Grid parity – who cares?
The Holy Grail of photovoltaics is grid parity. Why?
Over the past three installments in this series, we have discussed the German policy of "own consumption." Most German publications are fairly neutral about this option; after all, if own consumption provides a better return than feed-in tariffs (FITs), why should we oppose the policy? Berlin’s Solarpraxis, for instance, has published a number of articles simply explaining how own consumption works and providing sample calculations of payback. But one critic was given two pages to argue why the policy is a bad idea.
Susanne Jung, a German solar energy expert, wrote in Solarpraxis’ photovoltaik (issue 04/2010) that a growing number of investors will try to tailor the size of their PV array to their personal consumption, common practice in net-metering but heretofore unknown in Germany (see the same conclusion in SolarServer’s presentation of Centrosolar’s CENPAC). "As a result, not all of the available roof area will be used, which is bad for the growth of solar energy," she explains, later adding that own consumption "is macroeconomically a mistake because it shifts more power consumption into the middle of the day." The German edition of Photon magazine agrees, adding that it sees own consumption as a breach of the contract behind FITs. Is this criticism justified?
As Heiko Stubner, a research aide in the Bundestag, told me last winter, own consumption “was basically drawn up in anticipation of future grid parity as a sort of transitional mechanism.” Apparently, solar proponents in Germany seem to think it would be unfair to pay less than the retail rate for solar power regardless of what solar power costs even though the retail rate is not part of the equation behind FITs today. As Fraunhofer ISE’s Eike Weber told me last year, “Once the feed-in rate has fallen below the retail rate, people will simply cover their own consumption first and then get the feed-in rate for excess production.”
On a number of levels, such assumptions make little sense. For instance, many people -- including Stubner and Weber -- seem to assume that grid parity is somehow the goal for FITs, when actually they can only be the goal for solar FITs because all other FITs (wind, geothermal, and biomass) are already below the retail rate. It therefore makes little sense for the Wikipedia entry about feed-in tariffs to claim that FITs are “methodologically based on the cost of renewable energy generation and tend towards grid parity.” If the tariffs for wind and biomass tended towards grid parity, they would have to rise, not fall.
"But wait, Mister Morris," you may wish to interject at this point, "wind turbines and biomass plants are not connected to domestic power meters -- in fact, wind turbines in particular are generally connected to medium-voltage lines." You would be right. But you also would be forgetting a number of things:
- An FIT for small wind generators was added in 2009 when Germany first adopted own consumption, but nonetheless own consumption only applied to photovoltaics. By the logic above, this is a double standard.
- The ceiling for own consumption has been raised to 500 kilowatts as of July 1, 2010, which would accommodate a number of wind turbines, such as Enercon’s 330 kW E-33 machine. If every business in Germany could get the rate for own consumption rather than the 5 to 9 cents currently offered for wind turbines of that size, these things would pay for themselves everywhere.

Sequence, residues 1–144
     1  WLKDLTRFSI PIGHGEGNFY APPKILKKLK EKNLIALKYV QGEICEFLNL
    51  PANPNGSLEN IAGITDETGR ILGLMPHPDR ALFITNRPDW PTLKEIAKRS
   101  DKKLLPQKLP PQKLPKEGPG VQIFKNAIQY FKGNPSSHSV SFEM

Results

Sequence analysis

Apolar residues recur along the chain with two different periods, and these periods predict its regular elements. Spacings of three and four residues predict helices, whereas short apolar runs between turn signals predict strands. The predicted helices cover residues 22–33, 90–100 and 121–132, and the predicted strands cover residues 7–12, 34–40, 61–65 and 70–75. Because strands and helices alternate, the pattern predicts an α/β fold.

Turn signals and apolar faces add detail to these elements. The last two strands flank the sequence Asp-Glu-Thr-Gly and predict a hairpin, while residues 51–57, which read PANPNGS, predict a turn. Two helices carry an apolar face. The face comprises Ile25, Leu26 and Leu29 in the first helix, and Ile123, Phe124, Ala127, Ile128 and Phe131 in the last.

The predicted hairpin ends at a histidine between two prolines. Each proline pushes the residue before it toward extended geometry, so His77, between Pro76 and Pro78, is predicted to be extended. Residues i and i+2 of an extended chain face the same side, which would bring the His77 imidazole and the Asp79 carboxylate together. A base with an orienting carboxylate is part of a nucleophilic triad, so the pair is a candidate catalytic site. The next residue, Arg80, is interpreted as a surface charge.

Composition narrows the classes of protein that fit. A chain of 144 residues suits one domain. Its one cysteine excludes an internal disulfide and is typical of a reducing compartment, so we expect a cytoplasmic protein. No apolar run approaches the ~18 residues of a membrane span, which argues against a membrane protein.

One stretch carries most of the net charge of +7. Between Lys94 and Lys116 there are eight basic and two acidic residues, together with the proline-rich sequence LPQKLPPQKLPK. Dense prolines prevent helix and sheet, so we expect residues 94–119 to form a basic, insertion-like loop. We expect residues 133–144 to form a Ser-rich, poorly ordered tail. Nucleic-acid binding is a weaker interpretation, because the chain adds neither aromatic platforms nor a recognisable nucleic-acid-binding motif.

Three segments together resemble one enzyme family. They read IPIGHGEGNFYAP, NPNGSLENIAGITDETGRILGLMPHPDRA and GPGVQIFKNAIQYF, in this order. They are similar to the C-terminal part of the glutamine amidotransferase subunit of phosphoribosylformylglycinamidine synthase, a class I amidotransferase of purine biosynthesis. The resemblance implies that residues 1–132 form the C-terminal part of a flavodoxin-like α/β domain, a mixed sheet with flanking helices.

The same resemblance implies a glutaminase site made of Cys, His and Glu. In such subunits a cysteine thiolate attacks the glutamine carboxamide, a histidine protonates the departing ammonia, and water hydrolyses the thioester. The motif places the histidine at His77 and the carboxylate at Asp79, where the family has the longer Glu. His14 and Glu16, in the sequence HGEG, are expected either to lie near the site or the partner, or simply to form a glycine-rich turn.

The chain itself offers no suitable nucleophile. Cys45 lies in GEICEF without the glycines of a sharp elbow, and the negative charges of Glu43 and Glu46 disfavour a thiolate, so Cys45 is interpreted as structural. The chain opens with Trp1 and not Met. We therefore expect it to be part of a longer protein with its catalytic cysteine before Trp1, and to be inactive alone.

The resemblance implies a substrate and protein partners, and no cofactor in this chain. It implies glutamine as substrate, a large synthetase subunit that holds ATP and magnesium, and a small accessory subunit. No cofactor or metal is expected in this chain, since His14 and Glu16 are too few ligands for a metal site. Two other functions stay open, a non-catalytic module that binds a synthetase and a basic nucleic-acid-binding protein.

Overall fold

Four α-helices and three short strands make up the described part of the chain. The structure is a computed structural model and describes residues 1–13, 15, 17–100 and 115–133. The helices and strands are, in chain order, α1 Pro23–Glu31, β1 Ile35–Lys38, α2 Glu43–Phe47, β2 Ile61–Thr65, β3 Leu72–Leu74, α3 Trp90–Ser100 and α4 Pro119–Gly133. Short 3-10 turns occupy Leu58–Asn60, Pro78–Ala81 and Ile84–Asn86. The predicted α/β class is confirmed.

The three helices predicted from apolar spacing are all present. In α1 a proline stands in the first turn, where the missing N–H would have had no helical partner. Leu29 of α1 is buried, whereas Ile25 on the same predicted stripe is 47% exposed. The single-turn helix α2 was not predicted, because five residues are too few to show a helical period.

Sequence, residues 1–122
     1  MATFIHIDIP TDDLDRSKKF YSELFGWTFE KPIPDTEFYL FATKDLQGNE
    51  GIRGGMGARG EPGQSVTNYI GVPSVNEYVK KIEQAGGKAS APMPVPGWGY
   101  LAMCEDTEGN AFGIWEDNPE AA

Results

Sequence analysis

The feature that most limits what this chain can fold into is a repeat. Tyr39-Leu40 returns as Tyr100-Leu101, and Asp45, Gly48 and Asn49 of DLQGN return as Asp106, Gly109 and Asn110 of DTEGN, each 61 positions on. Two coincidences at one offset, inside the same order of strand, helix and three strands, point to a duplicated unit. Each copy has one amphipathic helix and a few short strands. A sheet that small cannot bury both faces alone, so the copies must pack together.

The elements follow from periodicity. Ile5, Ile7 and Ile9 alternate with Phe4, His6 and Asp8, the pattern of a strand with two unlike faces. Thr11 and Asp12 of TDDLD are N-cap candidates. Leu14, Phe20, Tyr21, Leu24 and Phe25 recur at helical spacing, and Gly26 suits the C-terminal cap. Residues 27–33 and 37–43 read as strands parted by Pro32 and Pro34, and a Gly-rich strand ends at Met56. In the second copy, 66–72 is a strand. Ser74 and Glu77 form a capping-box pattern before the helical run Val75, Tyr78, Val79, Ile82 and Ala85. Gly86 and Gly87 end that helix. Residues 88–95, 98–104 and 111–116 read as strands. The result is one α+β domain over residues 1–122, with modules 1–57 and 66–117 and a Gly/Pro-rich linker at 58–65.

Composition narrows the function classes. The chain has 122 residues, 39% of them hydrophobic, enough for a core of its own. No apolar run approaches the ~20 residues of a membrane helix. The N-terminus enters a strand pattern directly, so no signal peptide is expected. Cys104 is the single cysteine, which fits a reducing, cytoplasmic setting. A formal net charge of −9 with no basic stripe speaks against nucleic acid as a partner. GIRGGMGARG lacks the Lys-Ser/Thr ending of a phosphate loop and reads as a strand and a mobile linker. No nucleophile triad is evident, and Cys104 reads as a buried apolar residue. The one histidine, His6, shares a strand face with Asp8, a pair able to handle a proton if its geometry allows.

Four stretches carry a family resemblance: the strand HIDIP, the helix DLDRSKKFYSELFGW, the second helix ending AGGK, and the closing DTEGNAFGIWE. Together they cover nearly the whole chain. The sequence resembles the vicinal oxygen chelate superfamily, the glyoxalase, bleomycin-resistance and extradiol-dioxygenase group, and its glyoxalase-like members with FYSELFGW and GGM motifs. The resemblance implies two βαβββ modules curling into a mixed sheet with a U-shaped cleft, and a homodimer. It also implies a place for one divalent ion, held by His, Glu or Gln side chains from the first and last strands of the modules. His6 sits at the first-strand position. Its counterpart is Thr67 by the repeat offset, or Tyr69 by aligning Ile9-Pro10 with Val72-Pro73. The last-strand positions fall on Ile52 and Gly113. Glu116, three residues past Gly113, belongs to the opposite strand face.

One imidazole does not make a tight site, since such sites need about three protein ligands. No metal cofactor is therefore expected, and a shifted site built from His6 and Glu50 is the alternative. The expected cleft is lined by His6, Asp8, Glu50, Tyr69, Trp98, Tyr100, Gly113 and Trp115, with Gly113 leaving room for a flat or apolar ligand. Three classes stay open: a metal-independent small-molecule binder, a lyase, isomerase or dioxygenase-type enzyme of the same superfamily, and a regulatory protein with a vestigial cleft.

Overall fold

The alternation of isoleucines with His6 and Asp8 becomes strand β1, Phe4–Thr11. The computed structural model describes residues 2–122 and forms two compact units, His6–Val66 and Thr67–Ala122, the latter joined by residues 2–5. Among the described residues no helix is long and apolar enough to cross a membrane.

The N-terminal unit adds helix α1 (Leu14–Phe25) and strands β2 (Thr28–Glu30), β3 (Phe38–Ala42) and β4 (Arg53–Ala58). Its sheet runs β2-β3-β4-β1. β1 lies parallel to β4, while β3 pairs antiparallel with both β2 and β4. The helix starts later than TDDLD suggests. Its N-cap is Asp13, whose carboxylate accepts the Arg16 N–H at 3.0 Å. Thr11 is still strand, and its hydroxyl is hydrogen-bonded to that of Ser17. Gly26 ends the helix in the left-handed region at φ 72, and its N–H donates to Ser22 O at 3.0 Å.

- The same holds true now for biomass units up to 500 kW -- why on earth should grid parity not apply to them when they can actually be switched on and off as need be? -- but the situation is actually worse here because small biomass cogen units of a size people can install in their basements have been on the market for quite a while. Admittedly, the smallest category of biomass units in German law is up to 150 kW (compared to 30 kW for photovoltaics), but household micro CHP units (such as WhisperGen, which basically fits in a kitchen like a dishwasher) are now on sale in Germany.
Parity with what?
Why should the retail rate apply as the point of parity for solar arrays connected to the grid? In Germany, grid fees make up a quarter of the retail rate (see chart), and as we saw in the previous installment in this series 40-percent own consumption would be quite an achievement in Germany. In other words, solar homeowners will still be getting 60 percent of their power from the grid. In April, Uwe Leprich, cofounder of the Institute for Future Energy Systems (IZES), stated in an interview with photovoltaik (issue 04/2010, p. 91) that it is "not fair" for solar array owners not to have to pay the grid fee. "After all, the grid has to be available for them when the sun is not shining. So we should probably start thinking about a new way of allocating costs and charging grid fees. It might even be a good idea to charge higher monthly rates for grid connections."
Image: The composition of retail electricity rates in Germany. Source: Wikipedia.de
And then there is the 16 percent fee that municipalities collect when sidewalks, etc. have to be busted up to lay or repair power lines. Question: why should grid-connected solar arrays not be involved in that? Answer: no good reason, really.
So roughly 40 percent of the retail rate – 25 percent grid fee plus 16 percent community fee – would still apply for solar arrays connected to the grid. Given the current German retail rate of around 21 cents, photovoltaics would have to fall to around 13 cents in Germany to reach grid parity if it is defined as the retail rate minus 40 percent. The FIT for small rooftop arrays as of July 1 is around 32 cents, so we have a long way to go depending on what we mean by grid parity.
In the next installment, we will talk about why FITs actually need to be kept after parity with the retail rate has been reached.